Christina Parra’s 2-year-old son was diagnosed with autism in Albuquerque earlier this year. When she returned to Las Cruces, there were few resources to turn to for help, she said.
“We really felt like there was no where for us to go,” Parra said.
“If parents have a gut feeling that something is going on with their child, be persistent, and don’t let professionals brush them off and say they will grow out of it. I hear that a lot,” Parra said. “If parents and grandparents are concerned, find someone who will listen.”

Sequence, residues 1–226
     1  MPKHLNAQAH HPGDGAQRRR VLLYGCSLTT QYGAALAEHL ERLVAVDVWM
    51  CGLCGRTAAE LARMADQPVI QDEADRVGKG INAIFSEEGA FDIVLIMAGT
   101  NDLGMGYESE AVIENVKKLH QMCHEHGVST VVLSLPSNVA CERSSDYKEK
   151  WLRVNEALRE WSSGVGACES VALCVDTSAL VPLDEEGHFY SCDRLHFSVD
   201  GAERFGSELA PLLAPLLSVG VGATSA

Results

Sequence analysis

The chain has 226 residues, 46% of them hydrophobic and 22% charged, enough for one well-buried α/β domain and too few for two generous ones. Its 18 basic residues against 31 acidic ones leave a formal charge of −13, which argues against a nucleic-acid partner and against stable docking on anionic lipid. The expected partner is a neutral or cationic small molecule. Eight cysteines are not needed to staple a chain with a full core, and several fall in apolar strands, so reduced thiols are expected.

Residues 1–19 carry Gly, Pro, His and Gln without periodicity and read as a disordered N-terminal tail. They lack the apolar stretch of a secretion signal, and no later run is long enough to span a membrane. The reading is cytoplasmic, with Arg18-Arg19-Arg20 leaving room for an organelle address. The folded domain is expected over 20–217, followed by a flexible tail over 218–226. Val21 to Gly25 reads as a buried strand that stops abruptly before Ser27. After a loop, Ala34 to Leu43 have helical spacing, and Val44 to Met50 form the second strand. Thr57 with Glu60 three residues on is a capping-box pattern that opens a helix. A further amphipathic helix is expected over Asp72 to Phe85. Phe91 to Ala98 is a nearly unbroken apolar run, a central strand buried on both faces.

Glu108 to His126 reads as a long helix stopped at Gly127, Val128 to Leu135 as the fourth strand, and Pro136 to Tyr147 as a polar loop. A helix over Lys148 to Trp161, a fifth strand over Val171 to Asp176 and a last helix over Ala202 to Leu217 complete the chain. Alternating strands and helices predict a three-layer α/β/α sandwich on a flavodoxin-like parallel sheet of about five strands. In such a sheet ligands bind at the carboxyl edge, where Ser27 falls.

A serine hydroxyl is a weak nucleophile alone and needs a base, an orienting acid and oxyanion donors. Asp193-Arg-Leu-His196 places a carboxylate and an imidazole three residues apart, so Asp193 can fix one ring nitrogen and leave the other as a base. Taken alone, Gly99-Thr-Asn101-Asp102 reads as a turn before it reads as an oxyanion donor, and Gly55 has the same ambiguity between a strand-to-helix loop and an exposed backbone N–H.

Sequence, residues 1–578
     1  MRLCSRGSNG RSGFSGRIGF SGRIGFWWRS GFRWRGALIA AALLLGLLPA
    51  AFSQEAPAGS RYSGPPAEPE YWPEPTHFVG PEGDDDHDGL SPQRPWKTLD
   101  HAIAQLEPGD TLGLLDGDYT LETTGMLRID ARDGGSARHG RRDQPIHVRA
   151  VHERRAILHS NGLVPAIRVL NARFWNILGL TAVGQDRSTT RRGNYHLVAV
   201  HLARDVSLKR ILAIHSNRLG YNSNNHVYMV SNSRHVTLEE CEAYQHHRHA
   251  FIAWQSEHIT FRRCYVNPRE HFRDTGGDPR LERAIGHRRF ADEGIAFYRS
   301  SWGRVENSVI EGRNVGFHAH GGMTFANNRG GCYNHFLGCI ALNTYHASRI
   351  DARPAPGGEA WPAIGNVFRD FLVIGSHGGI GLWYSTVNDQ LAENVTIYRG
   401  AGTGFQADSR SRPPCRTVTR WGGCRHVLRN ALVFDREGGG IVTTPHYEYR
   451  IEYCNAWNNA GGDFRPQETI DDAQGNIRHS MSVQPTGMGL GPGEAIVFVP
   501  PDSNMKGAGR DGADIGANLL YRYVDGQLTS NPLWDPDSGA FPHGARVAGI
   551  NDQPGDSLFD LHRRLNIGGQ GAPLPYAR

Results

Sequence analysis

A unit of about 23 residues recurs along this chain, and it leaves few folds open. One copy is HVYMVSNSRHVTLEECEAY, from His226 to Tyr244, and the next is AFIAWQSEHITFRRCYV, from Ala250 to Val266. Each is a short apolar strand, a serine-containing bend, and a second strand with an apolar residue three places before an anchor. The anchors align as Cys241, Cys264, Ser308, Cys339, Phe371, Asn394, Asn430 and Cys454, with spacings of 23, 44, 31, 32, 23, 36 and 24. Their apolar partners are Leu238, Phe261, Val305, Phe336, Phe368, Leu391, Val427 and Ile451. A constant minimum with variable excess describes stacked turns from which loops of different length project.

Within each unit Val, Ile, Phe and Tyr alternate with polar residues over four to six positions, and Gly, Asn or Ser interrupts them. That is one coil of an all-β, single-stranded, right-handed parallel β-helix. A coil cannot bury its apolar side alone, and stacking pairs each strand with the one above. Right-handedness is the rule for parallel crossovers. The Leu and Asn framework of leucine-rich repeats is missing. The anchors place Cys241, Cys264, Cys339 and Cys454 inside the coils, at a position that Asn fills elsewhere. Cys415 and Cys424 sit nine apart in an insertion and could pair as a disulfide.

By federal law, the Individuals with Disabilities Education Improvement Act of 2004 requires that special education services are provided at no cost to families. Approximately 10 percent of students in the U.S. are identified as having a disability and a majority of these 6.5 million students receive instruction in general education classroom settings with the assistance of specially trained teachers, said Anne Gallegos, department head of New Mexico State University’s Special Education and Communication Disorders program.
Read more here: Parents urged to demand special education services – Las Cruces Sun-News.
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